- from One Fish, Two Fish, Red Fish, Blue Fish by Dr. Seuss
For this month, we are writing poems in the style of Theodore Geisel - better known as Dr. Seuss. Is he a poet? We certainly think of him as a children's book author and we know he uses rhyme, but few people think of his books as poems. If you take a look at one of his books in its entirety, using his line breaks, it certainly looks and sounds like a poem. Take a look at Oh, The Places You'll Go as one poem.
Dr. Seuss came into being partly because of a 1950s report on illiteracy among American school children called "Why Johnny Can't Read." That report placed part of the blame on boring children's books. Random House and Houghton Mifflin commissioned a young author and illustrator named Theodore Geisel to create a new vocabulary primer that would inspire and excite its readers. He wrote The Cat in the Hat and became Dr. Seuss.
Rhyme and repetition were clearly two of the poetic tools Seuss used. In One Fish, Two Fish, Red Fish, Blue Fish Seuss uses words that rhyme exactly. These straight rhymes create a simple rhyme scheme.
Did you ever fly a kite in bed?
Did you ever walk with ten cats on your head?
Did you ever milk this kind of cow?
Well, we can do it. We know how.
If you never did, you should.
These things are fun and fun is good.
Dr. Seuss did not always use straight rhymes. He sometimes played around with words by using half rhymes - two words that sound alike but don't rhyme exactly - to add a different rhythm to a book. We can find an example of this in Yertle the Turtle. "You stay in your place while I sit here and rule.
I'm the king of a cow! And I'm the king of a mule!
I'm the king of a house! And a bush! And a cat!
But that isn't all. I'll do better than that!
My throne shall be higher!" his royal voice thundered.
"So pile up more turtles! I want 'bout two hundred!"
If you say 'thundered' and 'hundred' out loud, you can hear their sneaky half rhyme.
The beauty of many of the rhymes is that the words are unexpected.
And will you succeed?
Yes! You will, indeed!
(98 and 3/4 percent guaranteed.)
From: Oh, the Places You’ll Go!
I meant what I said, and I said what I meant…
An elephant’s faithful, one hundred per cent!
From: Horton Hatches the Egg
Using the same words and phrases was one way he was able to get young children to read his books on their own. Green Eggs and Ham is a good example of his use of repetition. (This was one of my youngest son's favorite books, though I must admit the repetition drove me a bit mad on the hundreth reading.)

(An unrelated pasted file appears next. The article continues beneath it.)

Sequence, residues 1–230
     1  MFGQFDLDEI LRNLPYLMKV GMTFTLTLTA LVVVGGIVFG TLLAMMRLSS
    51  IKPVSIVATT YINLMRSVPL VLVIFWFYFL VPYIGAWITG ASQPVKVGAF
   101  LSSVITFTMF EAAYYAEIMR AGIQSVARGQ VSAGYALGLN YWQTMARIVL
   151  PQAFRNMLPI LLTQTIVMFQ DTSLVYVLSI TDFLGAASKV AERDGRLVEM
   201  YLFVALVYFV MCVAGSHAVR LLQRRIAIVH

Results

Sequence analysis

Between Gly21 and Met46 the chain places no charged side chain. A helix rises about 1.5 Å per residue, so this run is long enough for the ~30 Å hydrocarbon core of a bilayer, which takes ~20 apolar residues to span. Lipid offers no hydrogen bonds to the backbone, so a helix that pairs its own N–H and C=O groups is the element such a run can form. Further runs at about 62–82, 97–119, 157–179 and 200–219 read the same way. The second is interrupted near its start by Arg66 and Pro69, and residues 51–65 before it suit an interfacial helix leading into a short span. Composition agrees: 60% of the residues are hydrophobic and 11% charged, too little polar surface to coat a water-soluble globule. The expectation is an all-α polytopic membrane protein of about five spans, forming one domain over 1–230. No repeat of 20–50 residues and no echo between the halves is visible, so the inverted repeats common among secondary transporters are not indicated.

I will not eat them in a house,
I will not eat them with a mouse,
I will not eat them in a box
I will not eat them with a fox,
I will not eat them here or there
I will not eat them anywhere.
I do not like green eggs and ham.
I do not like them Sam I Am.
Dr. Seuss had a 53-year career and is one of the most beloved authors of children's books. His clever rhymes, humor, invented words and colorful illustrations continue to capture readers. His books have sold over 220 million copies and have been translated into 15 languages, and beyond the books are the films and merchandise that has no poet competition.
In that first book,The Cat in the Hat, there is less repetition and more of a narrative, which might be the approach you take in your poem this month.
Then our mother came in
And she said to us two,
"Did you have any fun?
Tell me. What did you do?"
And Sally and I did not
know what to say.
Should we tell her
The things that went on
there that day?
Well... what would YOU do
If your mother asked you?
His book The Loraxhas become an environmental classic that is read by children and adults. Though it is a light-hearted story, it is also a cautionary tale. It has a message about taking collective responsibility for the stewardship of the environment. Not doing so would mean our own world will soon be like the one that the Lorax left behind.
I am the Lorax.
I speak for the trees.
I speak for the trees,
for the trees have no tongues.
I meant no harm.
I most truly did not.
But I had to grow bigger.
So bigger I got.
Oh, the Places You'll Go!(1990) is his last book to be published during his lifetime. The book concerns the journey of life and its challenges. It has become a popular gift for high school and college graduates and also for retirees.
Today is your day.
You're off to Great Places!
You're off and away!
Though it has much of Seuss' style, it also has a narrator and the reader as characters. A young boy, the "you", is the reader and it is written in second person and uses future tense. YOU is setting forth on an adventure which may be starting kindergarten or college or a new job or retirement.
You have brains in your head.
You have feet in your shoes.
You can steer yourself
any direction you choose.
You're on your own. And you know what you know.
And YOU are the guy who'll decide where to go.
The book is very much about making good choices as you choose the "streets" you will go down, and hopefully avoid ones that are "not-so-good."
You'll look up and down streets. Look 'em over with care.
About some you will say, 'I don't choose to go there.'
With your head full of brains and your shoes full of feet,
you're too smart to go down any not-so-good street.
And there is also the possibility that none of the usual streets will be to your liking (a road not taken?) and so you have the option to head "out of town."
And you may not find any
you'll want to go down.
In that case, of course,
you'll head straight out of town.
It's opener there
in the wide open air.
Out there things can happen
and frequently do
to people as brainy
and footsy as you.
And then things start to happen,
don't worry. Don't stew.
Just go right along.
You'll start happening too.
This month's prompt is to write in the style of Dr. Seuss. Does that mean a "children's poem?" Not at all. We would expect rhyme, some half rhyme, some repetition, perhaps some invented wordplay. Be clever with your theme or message, if there is one. Of course, all that cleverness can be used to entertain too.